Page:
A June day finds us once again diving around the battleship USS Arizona, whose sunken remains lie in Pearl Harbor. Larry Nordby surfaces beside me clasping his large plexiglass slate; a piece of mylar taped to it is covered with scribbled notations from his dive. “Navy’s here,” he announces. I look toward the boat ramp where a small landing craft full of “mudzoos” is tying up to the dock of the memorial building that straddles the wreck. Mudzoos are navy divers assigned to the Mobile Diving and Salvage Unit (MDSU) based at Pearl Harbor. We have a symbiotic relationship with these men, whose primary mission is as far from science and historic preservation as ours is from ship husbandry and underwater construction. Our allegiance instead is to the Submerged Cultural Resources Unit, whose bureaucratic title refers to a group of diving archeologists, artists, and rangers employed by the National Park Service to promote preservation of historic shipwrecks and other underwater archeological sites.
This unit was formed in 1980, when the agency leadership decided to establish a mobile team that could help park managers “maintain responsible stewardship” over such sites. Coincidentally, I had just completed a large project in the Southwest, researching prehistoric sites flooded by reservoirs, and had pulled together in Santa Fe an effective team of park service diving archeologists. Unlikely as it seems, I found myself the first chief of a team of professional research divers based in the arid mountains of New Mexico.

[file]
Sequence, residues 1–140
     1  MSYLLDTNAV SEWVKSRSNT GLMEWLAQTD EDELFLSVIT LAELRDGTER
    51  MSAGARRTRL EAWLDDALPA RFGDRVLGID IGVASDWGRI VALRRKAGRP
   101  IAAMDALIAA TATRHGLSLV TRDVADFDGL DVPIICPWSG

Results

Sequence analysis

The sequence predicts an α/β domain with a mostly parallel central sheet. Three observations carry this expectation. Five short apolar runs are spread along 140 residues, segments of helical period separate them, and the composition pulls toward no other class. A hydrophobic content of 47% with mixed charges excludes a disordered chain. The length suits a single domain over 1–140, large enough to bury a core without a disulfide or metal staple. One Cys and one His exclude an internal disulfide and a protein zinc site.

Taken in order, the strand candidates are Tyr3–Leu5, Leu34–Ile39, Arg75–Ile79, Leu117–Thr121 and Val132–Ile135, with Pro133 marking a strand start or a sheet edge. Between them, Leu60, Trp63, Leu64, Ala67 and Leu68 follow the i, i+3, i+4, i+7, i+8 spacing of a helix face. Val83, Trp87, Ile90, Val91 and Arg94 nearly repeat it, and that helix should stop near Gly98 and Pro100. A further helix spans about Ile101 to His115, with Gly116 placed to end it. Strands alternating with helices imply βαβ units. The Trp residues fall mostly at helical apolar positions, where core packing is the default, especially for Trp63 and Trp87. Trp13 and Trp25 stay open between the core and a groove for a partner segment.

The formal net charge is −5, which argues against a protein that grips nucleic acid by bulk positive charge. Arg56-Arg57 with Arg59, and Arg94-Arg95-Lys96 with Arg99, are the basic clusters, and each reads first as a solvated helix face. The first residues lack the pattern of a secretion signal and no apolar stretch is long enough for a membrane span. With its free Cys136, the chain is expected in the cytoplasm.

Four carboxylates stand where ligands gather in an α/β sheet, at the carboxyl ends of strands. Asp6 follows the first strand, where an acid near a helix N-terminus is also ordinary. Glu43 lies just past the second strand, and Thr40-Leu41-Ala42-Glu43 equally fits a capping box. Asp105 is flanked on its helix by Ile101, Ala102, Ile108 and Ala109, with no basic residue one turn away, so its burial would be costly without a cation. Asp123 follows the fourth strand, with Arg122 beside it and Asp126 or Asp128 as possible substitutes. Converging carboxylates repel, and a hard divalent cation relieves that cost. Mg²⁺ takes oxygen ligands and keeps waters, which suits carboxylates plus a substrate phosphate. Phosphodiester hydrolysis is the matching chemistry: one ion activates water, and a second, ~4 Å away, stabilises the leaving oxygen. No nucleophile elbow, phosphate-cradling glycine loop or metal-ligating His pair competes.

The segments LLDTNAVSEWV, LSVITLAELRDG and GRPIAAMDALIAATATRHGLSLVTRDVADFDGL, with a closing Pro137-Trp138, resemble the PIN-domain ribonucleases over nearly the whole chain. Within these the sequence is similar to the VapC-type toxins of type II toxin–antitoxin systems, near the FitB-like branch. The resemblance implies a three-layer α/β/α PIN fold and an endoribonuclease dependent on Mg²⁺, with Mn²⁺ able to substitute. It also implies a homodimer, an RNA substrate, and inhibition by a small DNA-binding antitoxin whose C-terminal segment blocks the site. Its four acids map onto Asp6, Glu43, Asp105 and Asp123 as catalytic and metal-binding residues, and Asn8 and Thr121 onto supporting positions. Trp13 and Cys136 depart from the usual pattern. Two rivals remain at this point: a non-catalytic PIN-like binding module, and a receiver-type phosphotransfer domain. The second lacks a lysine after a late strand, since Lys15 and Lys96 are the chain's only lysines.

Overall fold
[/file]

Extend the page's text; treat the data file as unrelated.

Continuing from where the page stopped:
In 1983 we began to survey the Arizona and subsequently the one other vessel still lying at the bottom of Pearl Harbor, the Utah, a battleship that had been converted for use as a training ship. Over the years we have found that our skills are complementary with those of the Navy. They have boats, heavy equipment, youth, brawn, and large numbers; we know shipwrecks. As older, more experienced divers—the “park rangers,” they call us—we have a kind of underwater street savvy that the Navy personnel respect.
No diver who works on these ships is unaffected by them for long, particularly Navy divers. They are aware that there were new faces on the Arizona and Utah fifty years ago, when the Japanese war-planes caught a major portion of the Pacific Fleet at port. Those men had worn the same uniforms and entertained many of the same hopes and aspirations as their modern counterparts. They are part of the silt now, on the other side of the steel bulkheads.
As we clamber up onto the dock with our equipment, the Navy is raising its dive flags to warn boats that there are divers in the water. A red and white “diver down” flag and a blue and white “alpha” flag (a similar international sign) are soon flapping toward the southwest from the boat dock. From the mast on the memorial, the same colors appear in a more familiar form: Old Glory, the wind keeping her parallel to the others.
On that Sunday morning in 1941, the flags were just being raised on many of the ships when the men standing at attention were distracted by what they took to be some show-off flyboys buzzing the fleet below the altitude permitted by regulations. Even when the first bombs tore into the ships, there was still a sense of there having been some sort of accident. Not until the Rising Suns started to become visible on the planes did the full realization take hold.
Moments before, Flight Commander Mitsuo Fuchida had led, with what must have been great relief and satisfaction, a complete surprise attack. Many things could have gone wrong; some did. A flotilla of five midget subs had been deployed in the early hours of the morning and some had been spotted by U.S. patrol planes and ships. The destroyer Ward had even attacked and sunk one of those midgets more than an hour and fifteen minutes before the planes made their first strike. Why this incident didn’t tip off the Pacific Command to the impending attack is still not clearly understood. There was also the Opana radar station on the north shore of Oahu, which picked up the first wave of attacking planes. When the operators reported to their superiors what their then-developmental radar technology had detected, they were told to disregard the contact because a flight of B-17s was expected from California at that time.